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Faith In The Game

Faith in the Game is a blog containing submissions by athletes of faith. Each of them was asked one question: Tell us a story about a time when your faith was most present in your life. Rather than tell us about their faith, we asked them to show us. These stories are oftentimes uplifting, and at all times profound, raw, honest, introspective and heartfelt. These are not the sort of stories you hear in a press conference. Some of them take place on the field; others, off it. They are presented without agenda or judgment. On many levels, we think you'll find them fascinating, as they pull up the veil on a side of sports that is rarely revealed but very often present. This blog is moderated by author and father Ben Petrick, a former Colorado Rockies catcher thought to be the only professional athlete to have his career shortened by Parkinson's Disease, along with writer and father Scott Brown. In addition to their professional and family lives, both men are also coaches of youth sports. A selection of the stories they've collected will soon appear in a book, and together they're also working on Ben's autobiography. If you'd like us to email you when new stories appear on the blog, please send us a note at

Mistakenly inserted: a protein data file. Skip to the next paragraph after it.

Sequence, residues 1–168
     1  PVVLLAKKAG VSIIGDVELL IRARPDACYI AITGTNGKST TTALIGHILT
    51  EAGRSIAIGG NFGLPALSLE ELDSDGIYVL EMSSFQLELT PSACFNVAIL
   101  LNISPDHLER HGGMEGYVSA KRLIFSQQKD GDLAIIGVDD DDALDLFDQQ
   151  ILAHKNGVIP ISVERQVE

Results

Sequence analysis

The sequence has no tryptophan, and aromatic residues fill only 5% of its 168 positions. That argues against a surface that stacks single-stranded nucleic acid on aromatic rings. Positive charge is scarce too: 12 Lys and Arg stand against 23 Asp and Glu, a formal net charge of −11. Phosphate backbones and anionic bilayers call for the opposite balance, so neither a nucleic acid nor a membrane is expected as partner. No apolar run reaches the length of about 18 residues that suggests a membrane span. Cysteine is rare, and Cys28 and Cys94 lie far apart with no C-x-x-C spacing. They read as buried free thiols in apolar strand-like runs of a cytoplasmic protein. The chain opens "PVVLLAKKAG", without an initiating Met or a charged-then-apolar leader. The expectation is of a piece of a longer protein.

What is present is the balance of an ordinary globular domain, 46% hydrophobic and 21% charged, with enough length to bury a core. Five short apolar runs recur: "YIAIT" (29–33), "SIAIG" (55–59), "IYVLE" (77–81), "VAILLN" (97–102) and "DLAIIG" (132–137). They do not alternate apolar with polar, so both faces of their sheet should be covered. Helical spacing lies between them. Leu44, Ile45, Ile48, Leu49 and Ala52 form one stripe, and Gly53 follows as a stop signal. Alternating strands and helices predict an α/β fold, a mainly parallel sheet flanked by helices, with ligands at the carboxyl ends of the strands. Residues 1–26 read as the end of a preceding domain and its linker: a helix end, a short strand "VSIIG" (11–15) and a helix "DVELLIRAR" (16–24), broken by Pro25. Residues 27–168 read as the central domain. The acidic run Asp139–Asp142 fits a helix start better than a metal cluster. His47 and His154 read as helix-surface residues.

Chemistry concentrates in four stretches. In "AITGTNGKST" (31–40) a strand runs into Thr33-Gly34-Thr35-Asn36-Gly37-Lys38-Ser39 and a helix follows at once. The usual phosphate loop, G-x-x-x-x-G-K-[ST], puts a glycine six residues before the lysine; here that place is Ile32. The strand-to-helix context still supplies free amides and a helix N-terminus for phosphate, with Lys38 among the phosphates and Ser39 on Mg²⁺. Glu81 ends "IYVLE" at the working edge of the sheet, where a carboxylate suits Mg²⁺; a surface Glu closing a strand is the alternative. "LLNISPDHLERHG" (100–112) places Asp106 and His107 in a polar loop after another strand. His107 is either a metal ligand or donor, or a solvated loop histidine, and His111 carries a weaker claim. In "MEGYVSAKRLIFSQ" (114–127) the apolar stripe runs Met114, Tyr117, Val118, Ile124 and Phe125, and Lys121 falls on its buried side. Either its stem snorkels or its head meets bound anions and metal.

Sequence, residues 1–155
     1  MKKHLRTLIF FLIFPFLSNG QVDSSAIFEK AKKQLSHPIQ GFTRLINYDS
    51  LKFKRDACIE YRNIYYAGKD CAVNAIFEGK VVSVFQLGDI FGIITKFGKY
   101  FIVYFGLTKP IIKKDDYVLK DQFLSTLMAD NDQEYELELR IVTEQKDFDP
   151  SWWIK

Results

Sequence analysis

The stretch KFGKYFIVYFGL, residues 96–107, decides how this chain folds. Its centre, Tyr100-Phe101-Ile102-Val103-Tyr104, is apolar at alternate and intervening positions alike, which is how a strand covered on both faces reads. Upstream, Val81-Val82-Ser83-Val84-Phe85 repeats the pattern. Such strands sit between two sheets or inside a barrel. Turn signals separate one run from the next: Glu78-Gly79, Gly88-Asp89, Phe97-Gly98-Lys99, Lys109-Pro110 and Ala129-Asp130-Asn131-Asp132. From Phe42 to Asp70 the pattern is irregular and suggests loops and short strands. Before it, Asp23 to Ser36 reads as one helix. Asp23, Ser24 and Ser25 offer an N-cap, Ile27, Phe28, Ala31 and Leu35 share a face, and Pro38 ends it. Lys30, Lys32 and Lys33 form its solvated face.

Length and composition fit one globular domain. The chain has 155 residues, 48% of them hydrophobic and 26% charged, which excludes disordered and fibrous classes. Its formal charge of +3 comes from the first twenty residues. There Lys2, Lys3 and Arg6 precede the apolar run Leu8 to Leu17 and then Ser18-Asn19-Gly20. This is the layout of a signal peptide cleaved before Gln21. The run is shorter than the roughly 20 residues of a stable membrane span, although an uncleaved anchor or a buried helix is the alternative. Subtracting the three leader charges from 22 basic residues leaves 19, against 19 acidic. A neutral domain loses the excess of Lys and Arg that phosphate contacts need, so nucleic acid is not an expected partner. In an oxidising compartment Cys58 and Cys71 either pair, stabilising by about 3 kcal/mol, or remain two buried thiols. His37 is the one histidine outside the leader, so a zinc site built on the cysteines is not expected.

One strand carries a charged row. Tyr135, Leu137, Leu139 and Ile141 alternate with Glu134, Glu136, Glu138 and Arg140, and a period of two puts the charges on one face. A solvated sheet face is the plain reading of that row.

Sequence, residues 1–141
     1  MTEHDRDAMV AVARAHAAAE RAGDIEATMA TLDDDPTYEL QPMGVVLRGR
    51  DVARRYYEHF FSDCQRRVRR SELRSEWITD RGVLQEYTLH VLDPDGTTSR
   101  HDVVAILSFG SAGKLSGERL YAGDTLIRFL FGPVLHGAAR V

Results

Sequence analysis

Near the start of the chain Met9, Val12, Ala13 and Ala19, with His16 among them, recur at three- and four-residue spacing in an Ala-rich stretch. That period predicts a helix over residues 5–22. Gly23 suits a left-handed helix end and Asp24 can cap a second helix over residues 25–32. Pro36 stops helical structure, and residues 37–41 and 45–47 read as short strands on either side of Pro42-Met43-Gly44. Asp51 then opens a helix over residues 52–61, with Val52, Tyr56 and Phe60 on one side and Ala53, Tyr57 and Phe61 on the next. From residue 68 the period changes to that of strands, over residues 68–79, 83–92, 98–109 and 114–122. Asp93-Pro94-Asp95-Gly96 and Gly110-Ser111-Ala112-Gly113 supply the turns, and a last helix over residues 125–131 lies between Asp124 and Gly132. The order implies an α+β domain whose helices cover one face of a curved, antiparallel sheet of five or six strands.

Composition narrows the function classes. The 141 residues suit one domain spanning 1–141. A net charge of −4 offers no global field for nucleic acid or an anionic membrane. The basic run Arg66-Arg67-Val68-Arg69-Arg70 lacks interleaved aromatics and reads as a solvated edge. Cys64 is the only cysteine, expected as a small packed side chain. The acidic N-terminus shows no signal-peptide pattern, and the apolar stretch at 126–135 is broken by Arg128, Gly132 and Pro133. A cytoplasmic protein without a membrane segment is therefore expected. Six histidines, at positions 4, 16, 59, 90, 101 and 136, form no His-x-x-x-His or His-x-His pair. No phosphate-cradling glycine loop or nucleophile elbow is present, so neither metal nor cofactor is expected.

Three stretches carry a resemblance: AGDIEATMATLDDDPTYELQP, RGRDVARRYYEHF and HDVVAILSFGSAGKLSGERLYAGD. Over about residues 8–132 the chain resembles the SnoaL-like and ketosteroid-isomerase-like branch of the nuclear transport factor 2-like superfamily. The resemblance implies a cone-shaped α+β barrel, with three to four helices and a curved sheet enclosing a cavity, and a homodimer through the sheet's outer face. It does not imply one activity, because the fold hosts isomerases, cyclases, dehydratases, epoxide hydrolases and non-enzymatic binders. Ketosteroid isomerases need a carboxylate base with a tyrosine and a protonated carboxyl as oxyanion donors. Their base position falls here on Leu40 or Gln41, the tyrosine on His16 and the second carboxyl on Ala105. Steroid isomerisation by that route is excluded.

• April 14, 2011 6:03 pm

    The Last Lap, by Dan Jansen

    The following story is from American speedskater Dan Jansen, as told to moderators Scott Brown and Ben Petrick.

    I am the youngest of nine children. When I was a kid, I used to ask my parents the same question over and over: Are we rich?

    My father was a police officer. My mother was a nurse. We didn’t have much money. But they would always answer, “Yes, we’re rich because we have nine children.”

    At the 1988 Winter Games in Calgary, I came into the 500 meters as the heavy favorite. I’d set a junior world record in the 500m when I was 16, and finished fourth at that distance in the 1984 Olympics.

    Normally before a race, you’re thinking about strategy and split times. But as I skated to the starting line, what was in my head was the number 8. That morning, in the early hours before the race, I got word that my sister, Jane, was dying of leukemia. I spoke to her on the phone, but she couldn’t respond. Later I was informed that she had died. There used to be nine, and now there were eight.

    Were we still rich?

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